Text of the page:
Sherman Mills grower named chairman of USPB
Spring is a busy time of year at Three Oaks Farm in Sherman Mills, Maine. There are storage potatoes to ship out and the fields and equipment have to be prepared for the start of planting, said Tom Qualey, who farms with his brother John.
This season has started off with gorgeous weather, Qualey said, and some Maine growers were getting planted started early. The region was about a week ahead, and he had his planters lined up ready to go before Mother’s Day.
The Qualey’s, the fifth generation of Irish immigrants, haven’t always been potato farmers, despite the Irish connection. Tom and John took over the farm from their dad, and at the time it was a dairy farm. Their dad convinced them to get away from that business, so they moved into growing potatoes and canola. Last year they had about 340 acres of potatoes, and their highest acreage is about 550 acres. Qualey said he’s not sure where they would fall this season, but it would probably be about the same as last year.
Sherman Mills isn’t the area most people think of when they hear about Maine potatoes. The town is about 75 miles south of Presque Isle, Maine, where most of the state’s potato production is. The area doesn’t look very agricultural, either, Qualey said. It’s heavily forested and the good land is tucked away behind trees, so anyone driving through might not even know there are fields. That lack of available good land has limited the production in the area, so there aren’t many large farms like those in other areas.
Three Oaks Farm grows all processing potatoes Frito Lay varieties that are under contract. Although he hadn’t seen the contracts as of early May, Qualey said he and other processing and chipstock growers were pleased with the price they’d been told. He said the McCain contracts should be up about $2.25 and other chip contracts were up about $2. Maine growers didn’t receive an increase last year, so they’re in pretty good spirits this season, Qualey said.
Maine has always been an important potato growing region, but the number of growers has dropped considerably in the last 25 to 30 years. Qualey said when he was in high school there were probably 25 potato growers and 25 dairy farms in the Sherman Mills area. Now there are only three dairies and three potato farms, including his.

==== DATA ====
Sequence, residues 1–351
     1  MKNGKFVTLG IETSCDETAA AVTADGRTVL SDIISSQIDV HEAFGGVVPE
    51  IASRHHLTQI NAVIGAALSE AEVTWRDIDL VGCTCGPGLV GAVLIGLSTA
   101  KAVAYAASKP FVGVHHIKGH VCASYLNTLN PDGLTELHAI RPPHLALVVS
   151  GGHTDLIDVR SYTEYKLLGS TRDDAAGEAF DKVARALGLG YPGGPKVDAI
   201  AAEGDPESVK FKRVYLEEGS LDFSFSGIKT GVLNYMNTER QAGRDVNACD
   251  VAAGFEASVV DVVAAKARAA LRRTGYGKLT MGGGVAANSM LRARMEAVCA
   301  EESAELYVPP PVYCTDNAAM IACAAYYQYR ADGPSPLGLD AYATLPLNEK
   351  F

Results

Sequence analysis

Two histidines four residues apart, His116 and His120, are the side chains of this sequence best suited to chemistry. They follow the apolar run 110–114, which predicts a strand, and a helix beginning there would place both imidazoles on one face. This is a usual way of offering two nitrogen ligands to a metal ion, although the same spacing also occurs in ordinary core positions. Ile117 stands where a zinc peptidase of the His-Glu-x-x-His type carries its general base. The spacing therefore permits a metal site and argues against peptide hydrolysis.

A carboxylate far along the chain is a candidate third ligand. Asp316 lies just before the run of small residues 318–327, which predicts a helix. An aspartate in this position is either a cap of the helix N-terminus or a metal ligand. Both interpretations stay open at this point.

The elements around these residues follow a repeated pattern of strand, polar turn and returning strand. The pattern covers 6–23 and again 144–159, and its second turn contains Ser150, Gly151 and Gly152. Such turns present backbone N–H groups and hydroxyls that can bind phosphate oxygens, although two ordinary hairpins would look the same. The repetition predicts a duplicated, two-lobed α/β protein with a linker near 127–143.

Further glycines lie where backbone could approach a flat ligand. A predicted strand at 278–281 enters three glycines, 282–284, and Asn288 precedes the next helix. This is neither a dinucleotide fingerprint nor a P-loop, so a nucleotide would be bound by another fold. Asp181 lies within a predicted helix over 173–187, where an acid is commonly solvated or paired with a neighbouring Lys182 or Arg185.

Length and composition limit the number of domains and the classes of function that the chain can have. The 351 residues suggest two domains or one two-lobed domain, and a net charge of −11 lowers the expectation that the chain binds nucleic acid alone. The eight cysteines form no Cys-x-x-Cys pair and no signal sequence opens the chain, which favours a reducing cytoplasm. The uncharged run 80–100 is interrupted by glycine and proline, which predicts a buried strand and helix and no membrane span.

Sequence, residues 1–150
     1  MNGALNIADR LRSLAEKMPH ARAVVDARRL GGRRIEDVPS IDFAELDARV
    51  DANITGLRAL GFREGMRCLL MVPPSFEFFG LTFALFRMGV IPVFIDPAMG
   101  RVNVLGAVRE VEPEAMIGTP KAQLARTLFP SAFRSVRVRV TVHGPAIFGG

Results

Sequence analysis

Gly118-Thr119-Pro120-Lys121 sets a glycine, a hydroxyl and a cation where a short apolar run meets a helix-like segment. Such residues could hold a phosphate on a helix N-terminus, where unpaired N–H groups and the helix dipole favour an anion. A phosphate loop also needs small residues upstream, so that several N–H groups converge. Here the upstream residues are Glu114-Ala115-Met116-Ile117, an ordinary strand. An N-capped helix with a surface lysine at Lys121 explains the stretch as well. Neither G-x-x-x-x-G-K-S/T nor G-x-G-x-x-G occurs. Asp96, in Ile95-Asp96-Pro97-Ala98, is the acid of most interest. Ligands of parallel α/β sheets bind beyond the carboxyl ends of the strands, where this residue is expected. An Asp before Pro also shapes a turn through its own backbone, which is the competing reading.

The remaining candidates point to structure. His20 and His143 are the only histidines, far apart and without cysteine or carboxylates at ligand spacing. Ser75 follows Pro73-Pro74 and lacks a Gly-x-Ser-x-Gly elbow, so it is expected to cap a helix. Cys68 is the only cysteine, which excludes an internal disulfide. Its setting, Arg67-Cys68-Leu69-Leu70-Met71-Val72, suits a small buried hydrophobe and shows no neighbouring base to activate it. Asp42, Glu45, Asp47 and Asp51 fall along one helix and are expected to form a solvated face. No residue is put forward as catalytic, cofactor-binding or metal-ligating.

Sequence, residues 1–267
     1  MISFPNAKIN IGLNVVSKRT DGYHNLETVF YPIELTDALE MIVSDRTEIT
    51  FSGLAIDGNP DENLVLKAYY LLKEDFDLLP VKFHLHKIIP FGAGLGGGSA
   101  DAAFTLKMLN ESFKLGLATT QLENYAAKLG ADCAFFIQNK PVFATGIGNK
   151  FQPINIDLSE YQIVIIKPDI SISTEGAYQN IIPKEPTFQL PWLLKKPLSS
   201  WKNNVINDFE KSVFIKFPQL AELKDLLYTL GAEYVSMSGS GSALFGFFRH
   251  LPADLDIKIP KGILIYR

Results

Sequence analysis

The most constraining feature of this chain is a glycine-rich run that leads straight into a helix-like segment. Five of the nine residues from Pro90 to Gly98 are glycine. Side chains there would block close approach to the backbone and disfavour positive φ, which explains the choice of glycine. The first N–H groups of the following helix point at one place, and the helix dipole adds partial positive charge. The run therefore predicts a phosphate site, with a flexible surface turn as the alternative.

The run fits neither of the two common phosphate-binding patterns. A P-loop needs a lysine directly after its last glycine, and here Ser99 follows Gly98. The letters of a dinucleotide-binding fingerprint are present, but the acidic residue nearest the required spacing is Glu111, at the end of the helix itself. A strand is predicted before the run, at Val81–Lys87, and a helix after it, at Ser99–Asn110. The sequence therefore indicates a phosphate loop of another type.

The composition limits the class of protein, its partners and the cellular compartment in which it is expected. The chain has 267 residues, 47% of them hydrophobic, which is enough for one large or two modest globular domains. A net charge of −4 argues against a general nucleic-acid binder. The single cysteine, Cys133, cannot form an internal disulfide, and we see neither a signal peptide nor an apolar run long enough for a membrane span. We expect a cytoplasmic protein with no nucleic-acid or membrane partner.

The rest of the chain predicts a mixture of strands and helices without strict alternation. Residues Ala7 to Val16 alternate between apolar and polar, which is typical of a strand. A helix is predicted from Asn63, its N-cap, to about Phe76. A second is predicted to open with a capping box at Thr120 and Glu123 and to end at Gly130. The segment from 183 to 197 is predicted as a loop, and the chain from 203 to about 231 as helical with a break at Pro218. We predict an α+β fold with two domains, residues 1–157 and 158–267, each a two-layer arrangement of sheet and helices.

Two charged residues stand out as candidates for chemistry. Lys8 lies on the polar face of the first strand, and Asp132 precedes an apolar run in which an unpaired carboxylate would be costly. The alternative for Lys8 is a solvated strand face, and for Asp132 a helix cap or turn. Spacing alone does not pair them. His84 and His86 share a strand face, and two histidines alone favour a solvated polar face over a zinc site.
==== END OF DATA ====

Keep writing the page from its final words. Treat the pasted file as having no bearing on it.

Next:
The last three of us picked up the good land,” Qualey said.
The same thing is happening throughout Aroostook County.
“Agricultural opportunities in this area are dwindling,” he said.
But that hasn’t deterred the Qualeys. They’re hands-on farmers who don’t have plans on quitting any time soon. Tom’s wife, Linda, is the CEO of a nonprofit organization in the area and she does the books for the farm, and when they’re really busy he’ll talk her into running some of the equipment. John has kids that help out on the farm, too, but Qualey said so far none of them seem interested in taking over the farming operations.
Qualey’s been involved in the Maine potato industry and the national organizations for a number of years. He serves on the Maine Pesticide Board as an agricultural expert and has served on United States Potato Board committees for the last six years. At the 2009 annual meeting in Denver, Qualey was named chairman of the United States Potato Board, a spot vacated by Bart Connors of Pasco, Wash.
There are many exciting things happening, but there’s a lot of uncertainty in the market as well. Qualey said he has a good roadmap to follow and his job was to make sure USPB activities stick to it.
“My goal is to really stay with the long range plan,” he said. “If we stay on course with that then I’d be really, really excited.”
One of the bright spots is the export market. Although the strong dollar has slowed that down a bit recently, the board is working to open new markets. One of the most promising he’s seen is Vietnam. John Toaspern, vice president of international marketing, visited the Asian country in April and made headway into opening the country. Qualey traveled with the potato board to Hong Kong and Singapore last year to participate in chef training programs, where he had the chance to meet two Vietnamese chefs. He said they were very excited about the potato products and Qualey said there could be a lot of opportunity for growth in that market.
Maine growers don’t typically export to the Pacific Rim, so other growers would ask why he would travel there with the board. He would tell them that it benefits all growers to open markets and increase exports, “because every potato that gets shipped over there is one fewer that comes over here.”
With federal programs being cut, Qualey said the USPB was watching the situation closely because the export programs could be affected.
“We’re hoping we’re keeping our matching money for exports,” he said.
Another opportunity for growth is here in the United States. The board is developing innovative new products for U.S. consumers to increase the consumption of fresh potatoes and position them as healthful, convenient products.
“We’re working on some great things,” Qualey said.
Hopefully, the economy will pick back up this year, but Qualey is working with the board to ensure that money gets spent on the right things so growers can see a positive return on their investment.
“We’re in some tight budget times and since I’ve taken over we’ve been very careful about what we spend money on,” he said.
Qualey will host the USPB summer meeting Aug. 3-7 in Bangor, Maine. It will be held at the Hollywood Slots Hotel, a brand-new hotel. The location isn’t near the big potato growing areas of Maine, but Qualey said the site will be easier to travel to for board members from out of town and would help keep costs down with a good rate and eliminating the need for rental cars. Board members can register for the event by e-mailing Robin Vest at firstname.lastname@example.org”